Again, maybe there are parts of the company you don't see. Not making excuses but you don't run it, no matter what information you get from a few others.

So if they want as much money as they can get their hands on, could be a Ponzi scheme. If they play it slow, could be a Ponzi scheme. Got it.


You asked why they wouldn't take someones money if they were a ponzi. I answered.


Yeah, when I said I work for a wealthy guy, he has made investments that have had ROE's in the thousands. He's also had investments where he literally pissed away a million or two. Point is, from my experience, 20% returns on passive investments aren't that farfetched.


Not farfetched to achieve 20%, kinda farfetched to guarantee 20%. You can make an incredible amount of money, but can't guarantee that you can.

At least Vincent has provided information that shows me he had prior dealings with machines and made statements where I believe him to be knowledgeable enough on the topic. I enjoy his posts and he has asked good questions. I suspect he will ask one that I don't know which will lead me to follow up with Gillis at one point.


I want to thank you for that. It's kinda hard sometimes to figure out where I fit in a forum primarily dedicated to tax and/or financial scams not being an attorney, CPA, accountant, etc. But, like you said, I do have experience in this particular business and tend to have a good feel for what is what in business.
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Re: ATM LEASEBACK SCHEMES-- any insight?

Postby webhick » Fri Jan 17, 2014 2:54 am

JamesVincent wrote:
SomeYuppie wrote:
I believe I did answer this already. ATM's are insured by NAS to cover their liability to us. NAS has all the rights and liabilities of ownership per operating agreement. ATM is licensed to them. If something happens, it's on NAS. If something happens to NAS, we the investor are the beneficiary of an insurance policy that covers our original investment. That policy is paid from NAS's end and does not come out of our 50 cent per txn amount. We (the investor) are paid net 30, so I think we lose the check for the month if something like that happens.


You sorta answered it. You stated that NAS held actual ownership of the machine IIRC. No mention of the insurance or whatnot. Reason I asked is I would hate to see someothing happen, machine is registered to you but not owned by you and you are liable for a bunch of fees and no recourse to get anything out of it.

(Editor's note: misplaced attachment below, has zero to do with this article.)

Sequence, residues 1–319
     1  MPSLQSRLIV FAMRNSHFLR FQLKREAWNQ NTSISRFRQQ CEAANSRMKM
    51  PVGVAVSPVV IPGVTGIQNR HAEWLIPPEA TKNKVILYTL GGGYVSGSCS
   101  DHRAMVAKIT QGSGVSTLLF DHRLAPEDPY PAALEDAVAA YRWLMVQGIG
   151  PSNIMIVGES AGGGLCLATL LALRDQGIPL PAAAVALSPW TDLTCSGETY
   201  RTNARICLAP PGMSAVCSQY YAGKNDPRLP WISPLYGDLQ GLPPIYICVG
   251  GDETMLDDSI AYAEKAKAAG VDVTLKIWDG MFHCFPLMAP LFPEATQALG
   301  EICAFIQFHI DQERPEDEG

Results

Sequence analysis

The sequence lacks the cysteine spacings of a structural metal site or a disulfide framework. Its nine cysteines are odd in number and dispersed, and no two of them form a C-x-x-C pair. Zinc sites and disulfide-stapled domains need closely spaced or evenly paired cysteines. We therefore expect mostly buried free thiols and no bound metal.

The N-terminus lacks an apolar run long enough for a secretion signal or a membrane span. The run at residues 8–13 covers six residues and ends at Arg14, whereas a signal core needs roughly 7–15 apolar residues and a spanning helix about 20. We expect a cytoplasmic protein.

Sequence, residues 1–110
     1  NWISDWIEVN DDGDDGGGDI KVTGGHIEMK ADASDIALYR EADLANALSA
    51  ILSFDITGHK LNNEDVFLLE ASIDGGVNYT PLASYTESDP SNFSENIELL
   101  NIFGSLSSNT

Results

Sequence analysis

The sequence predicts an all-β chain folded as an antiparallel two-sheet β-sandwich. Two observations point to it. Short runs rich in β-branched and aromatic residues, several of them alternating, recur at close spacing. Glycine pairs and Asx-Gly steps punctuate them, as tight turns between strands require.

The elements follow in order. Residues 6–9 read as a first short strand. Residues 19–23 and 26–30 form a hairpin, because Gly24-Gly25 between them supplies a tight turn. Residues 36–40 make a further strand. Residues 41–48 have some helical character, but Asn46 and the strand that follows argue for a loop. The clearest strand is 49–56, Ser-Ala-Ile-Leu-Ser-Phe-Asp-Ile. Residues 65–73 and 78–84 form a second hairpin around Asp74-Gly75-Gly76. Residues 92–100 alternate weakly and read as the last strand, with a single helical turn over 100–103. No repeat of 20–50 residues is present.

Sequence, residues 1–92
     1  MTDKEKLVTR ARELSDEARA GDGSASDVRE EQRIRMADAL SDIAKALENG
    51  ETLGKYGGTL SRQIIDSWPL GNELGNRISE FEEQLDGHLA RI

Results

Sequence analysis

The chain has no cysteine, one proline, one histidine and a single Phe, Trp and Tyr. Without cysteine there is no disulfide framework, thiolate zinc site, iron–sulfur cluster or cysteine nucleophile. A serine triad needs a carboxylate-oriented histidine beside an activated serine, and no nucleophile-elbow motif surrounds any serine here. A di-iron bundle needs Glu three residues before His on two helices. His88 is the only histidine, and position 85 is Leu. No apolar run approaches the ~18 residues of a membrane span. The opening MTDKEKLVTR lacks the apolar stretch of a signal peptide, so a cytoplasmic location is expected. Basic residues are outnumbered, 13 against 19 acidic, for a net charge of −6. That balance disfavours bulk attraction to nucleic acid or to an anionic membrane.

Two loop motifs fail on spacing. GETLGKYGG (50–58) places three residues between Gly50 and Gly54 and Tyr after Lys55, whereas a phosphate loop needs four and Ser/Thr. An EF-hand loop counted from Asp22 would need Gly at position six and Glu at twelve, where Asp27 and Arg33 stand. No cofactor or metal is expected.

NAS says they "maintain" 20k ATMs. SomeYuppie indicates that NAS effectively owns the machines. At 20k machines, that would place them just above BOA on the Top 5 list of owners.

Oh, but they don't own them! Unless you're talking about licensing and insurance...then they totally own them!

This investment smells like my sinus infection.
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Re: ATM LEASEBACK SCHEMES-- any insight?

Postby JamesVincent » Fri Jan 17, 2014 3:52 am

webhick wrote:NAS says they "maintain" 20k ATMs. SomeYuppie indicates that NAS effectively owns the machines. At 20k machines, that would place them just above BOA on the Top 5 list of owners.

Oh, but they don't own them! Unless you're talking about licensing and insurance...then they totally own them!

This investment smells like my sinus infection.


Thank you Web. There was something else bothering me and I just couldn't put a finger on it. Everyone who has talked about the plan says you "buy" the machines and then lease them back to the company, hence "leaseback". Yet nothing is in your name but a piece of paper that says you "own" a machine that is in someone else's name. Which is registered in someone elses name, licensed in someone elses name, receipted in someone elses name, delivered in someone elses name, insured in someone elses name, etc. What exactly do you "buy" but that piece of paper? Seems like a long away around to hand someone else a lot of money. God forbid but if something did happen every investor would be SOL in a handbasket without training wheels. You'd have what you had gotten up to that point (maybe, if you weren't chased down for something) and that would be it.